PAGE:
From 1993, when I was offered help by the Greeks to continue research for my novel, I began to combine my historical research trips with travel journalism.
My website
"Travel Through History", is mainly dedicated to my historical writing but also has links to published travel articles. All of my travel articles contain a historical slant. This summer's will follow the paths of the poets.

While I'm away I'll post some travel e-journals and share my adventures with friends at home.
I've found that writing travel news-letters (and, of course, keeping a written travel journal) are important sources later on of writing up the travel stories for publication.

So, the countdown begins. I'm already feeling excited.

"For my part, I travel not to go anywhere, but to go. I travel for travel's sake. The great affair is to move." Robert Louis Stevenson 1850-1894 "Travels With a Donkey" 1978

Friday, April 22, 2005


"What is the use of a book," thought Alice, "without pictures or conversations?"
Lewis Carroll (Charles Lutwidge Dodgson) 1832-1898
("Alice's Adventures In Wonderland" 1865)

I was born with the gift of the gab, inherited from my Welsh father. Dad was also, like me, often a silent, meditative person. I still have fond memories of walking along beside him, he with his hands clasped behind his back, head down, humming as he walked. He did this when he was planning a new sermon or thinking about things. I do the same. Dad started out his oratory career by speaking at union meetings for the mines and in miner's chapels in Wales, when he was 17. Later on, after he'd lost his mining card and immigrated to Canada, he became a preacher.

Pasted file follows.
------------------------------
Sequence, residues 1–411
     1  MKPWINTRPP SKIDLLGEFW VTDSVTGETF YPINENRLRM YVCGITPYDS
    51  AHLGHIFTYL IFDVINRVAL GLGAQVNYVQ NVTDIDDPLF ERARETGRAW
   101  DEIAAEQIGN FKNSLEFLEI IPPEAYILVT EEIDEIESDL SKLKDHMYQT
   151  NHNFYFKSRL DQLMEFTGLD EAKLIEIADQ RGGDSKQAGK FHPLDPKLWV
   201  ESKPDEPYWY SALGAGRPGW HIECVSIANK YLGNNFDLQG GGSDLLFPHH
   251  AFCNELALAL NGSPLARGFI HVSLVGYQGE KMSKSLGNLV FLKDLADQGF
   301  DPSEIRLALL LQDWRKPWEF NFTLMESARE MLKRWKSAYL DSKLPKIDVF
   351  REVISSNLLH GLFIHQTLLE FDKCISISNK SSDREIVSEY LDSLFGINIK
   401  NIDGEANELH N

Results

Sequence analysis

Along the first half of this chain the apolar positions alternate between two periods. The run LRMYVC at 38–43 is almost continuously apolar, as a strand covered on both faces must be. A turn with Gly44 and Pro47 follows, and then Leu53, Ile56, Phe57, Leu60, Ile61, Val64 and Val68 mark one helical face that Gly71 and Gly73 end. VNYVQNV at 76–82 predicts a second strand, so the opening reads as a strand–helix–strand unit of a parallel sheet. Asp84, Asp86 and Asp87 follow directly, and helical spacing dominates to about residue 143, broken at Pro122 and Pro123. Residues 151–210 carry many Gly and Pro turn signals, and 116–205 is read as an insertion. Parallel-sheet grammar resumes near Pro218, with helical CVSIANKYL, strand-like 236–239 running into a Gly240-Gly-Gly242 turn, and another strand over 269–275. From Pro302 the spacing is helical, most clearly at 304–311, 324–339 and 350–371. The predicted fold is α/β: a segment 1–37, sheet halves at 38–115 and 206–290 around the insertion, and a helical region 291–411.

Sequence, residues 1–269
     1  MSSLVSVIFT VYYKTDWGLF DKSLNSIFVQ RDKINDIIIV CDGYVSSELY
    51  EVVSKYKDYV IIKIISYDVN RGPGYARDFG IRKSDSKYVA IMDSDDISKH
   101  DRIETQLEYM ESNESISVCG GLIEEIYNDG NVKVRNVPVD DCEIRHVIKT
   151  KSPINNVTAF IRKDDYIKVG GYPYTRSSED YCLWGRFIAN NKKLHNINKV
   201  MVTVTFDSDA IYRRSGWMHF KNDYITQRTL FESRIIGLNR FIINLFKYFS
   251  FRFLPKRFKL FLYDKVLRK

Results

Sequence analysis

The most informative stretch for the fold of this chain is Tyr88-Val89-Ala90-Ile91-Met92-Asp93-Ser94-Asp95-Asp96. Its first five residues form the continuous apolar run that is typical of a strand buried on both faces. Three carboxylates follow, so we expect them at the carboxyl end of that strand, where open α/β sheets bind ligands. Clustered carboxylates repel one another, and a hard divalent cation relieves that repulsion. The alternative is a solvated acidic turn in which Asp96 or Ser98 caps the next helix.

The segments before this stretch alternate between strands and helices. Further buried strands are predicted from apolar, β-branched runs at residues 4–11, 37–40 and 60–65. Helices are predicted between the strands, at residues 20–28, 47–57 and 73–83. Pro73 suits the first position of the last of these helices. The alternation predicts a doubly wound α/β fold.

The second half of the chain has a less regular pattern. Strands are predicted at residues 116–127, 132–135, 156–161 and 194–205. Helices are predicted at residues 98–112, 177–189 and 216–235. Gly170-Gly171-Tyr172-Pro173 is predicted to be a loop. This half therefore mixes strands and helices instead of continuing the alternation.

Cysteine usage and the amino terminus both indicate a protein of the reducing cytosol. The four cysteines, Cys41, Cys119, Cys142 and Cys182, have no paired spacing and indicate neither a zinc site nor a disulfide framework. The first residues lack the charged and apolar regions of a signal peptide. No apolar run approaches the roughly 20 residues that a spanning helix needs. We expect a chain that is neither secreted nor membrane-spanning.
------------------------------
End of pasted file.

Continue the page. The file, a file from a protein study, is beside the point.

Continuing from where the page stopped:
I started writing dialogues when I was about 8, and wrote little plays for my class at school.
Later on, I expanded and began writing stories, and now I write novels too. I, like my Dad, don't mind speaking publicly. I've always done this, even though I do have a shy streak, and once imagined becoming an actor. And of course, there's nothing finer than good conversations with friends.

Dialogue is an important part of a story. It helps keep the pace going and is also a vehicle in which to develop your characters. Characters have to talk to one another, just like in real life. The trick is, to make those conversations meaningful so that they are not just 'empty words' but provide information and forward the plot.